This clearly isn’t the case with all digital DJs of course, there are plenty who have embraced the creative opportunities that digital offers and taken the craft of DJing to new places, using their software and controllers to incorporate some basic studio techniques into their DJ sets, blurring the lines between DJing and production. This type of DJing could be referred to as ‘expanded DJing’ and is simply an extension of the kind of techniques used by disco and house innovators like Frankie Knuckles and Larry Levan, who used drum machines to boost the beats under the disco records they played and used two 12” copies or their own tape edits to extend breaks or edit out sections of a song that wouldn’t work on a dance floor. So there’s nothing inherently new about DJs bringing extra toys into the booth to spice up their sets.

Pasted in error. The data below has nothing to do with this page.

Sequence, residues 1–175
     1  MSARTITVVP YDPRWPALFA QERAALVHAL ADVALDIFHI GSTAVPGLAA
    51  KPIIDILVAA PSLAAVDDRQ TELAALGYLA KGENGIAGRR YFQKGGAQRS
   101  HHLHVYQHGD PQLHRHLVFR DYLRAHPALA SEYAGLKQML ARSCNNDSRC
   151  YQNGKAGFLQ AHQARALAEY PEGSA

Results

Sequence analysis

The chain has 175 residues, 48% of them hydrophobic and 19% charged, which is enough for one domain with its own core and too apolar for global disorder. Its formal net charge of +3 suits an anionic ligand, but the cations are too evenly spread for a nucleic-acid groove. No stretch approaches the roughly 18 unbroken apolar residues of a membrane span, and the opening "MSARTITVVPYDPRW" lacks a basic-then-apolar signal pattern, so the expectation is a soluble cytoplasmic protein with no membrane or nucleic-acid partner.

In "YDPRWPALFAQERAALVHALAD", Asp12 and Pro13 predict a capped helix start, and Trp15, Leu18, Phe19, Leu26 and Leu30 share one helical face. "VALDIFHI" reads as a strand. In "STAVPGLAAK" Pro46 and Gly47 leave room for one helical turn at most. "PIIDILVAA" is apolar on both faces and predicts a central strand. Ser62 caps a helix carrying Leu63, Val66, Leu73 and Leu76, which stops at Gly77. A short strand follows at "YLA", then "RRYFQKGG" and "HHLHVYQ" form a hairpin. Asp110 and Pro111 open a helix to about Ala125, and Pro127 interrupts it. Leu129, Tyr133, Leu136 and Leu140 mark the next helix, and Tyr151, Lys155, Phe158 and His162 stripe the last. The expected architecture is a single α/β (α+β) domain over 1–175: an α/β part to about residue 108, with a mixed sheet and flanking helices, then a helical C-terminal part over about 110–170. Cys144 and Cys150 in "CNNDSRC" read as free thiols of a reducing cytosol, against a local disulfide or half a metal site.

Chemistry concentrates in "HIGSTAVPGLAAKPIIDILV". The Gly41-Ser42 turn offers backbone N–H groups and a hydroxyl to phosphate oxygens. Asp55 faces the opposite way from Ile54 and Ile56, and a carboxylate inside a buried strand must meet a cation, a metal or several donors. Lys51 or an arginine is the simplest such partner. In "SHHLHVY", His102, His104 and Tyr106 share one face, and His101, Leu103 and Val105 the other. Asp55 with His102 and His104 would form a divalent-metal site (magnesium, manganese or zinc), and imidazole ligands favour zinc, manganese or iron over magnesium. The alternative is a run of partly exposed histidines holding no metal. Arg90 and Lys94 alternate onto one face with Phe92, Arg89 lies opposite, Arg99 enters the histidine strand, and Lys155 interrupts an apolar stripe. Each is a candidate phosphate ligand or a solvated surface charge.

The difference of course is that these kind of DJ techniques - adding extra drum beats or samples, live re-editing, beefing up the low end with a drum machine and so on - were developed in the 1970s to address perceived weaknesses in the available music - lack of a solid kick drum, breaks that were too short etc. - weaknesses that clearly are no longer present in current electronic dance music. Say what you like about current dance and club music, but it definitely doesn’t lack low end or is short on breakdowns. Now that these DJing techniques have slowly become fetishised over the years, for some DJs they have become almost as important as the music itself. DJs like Richie Hawtin and Kirk Degiorgio no longer simply play other people's music, but are constantly manipulating shifting layers of sound, playing multiple tracks at the same time and mixing them together with a level of sophistication that would have been impossible in the pre-digital era, making an art out of the act of manipulating audio. The difference between this, and Larry Levan playing a drum machine to beef up his disco records at the Paradise Garage is the for some DJs, the act of mixing and remixing have become the centre of what they do, and the music they select is almost simply a tool that lends itself to being repurposed and enhanced by the DJ, whereas previously, the use of technology was simply as a ‘work-around’ to improve the music, a set of technique to make things function as the DJ wanted.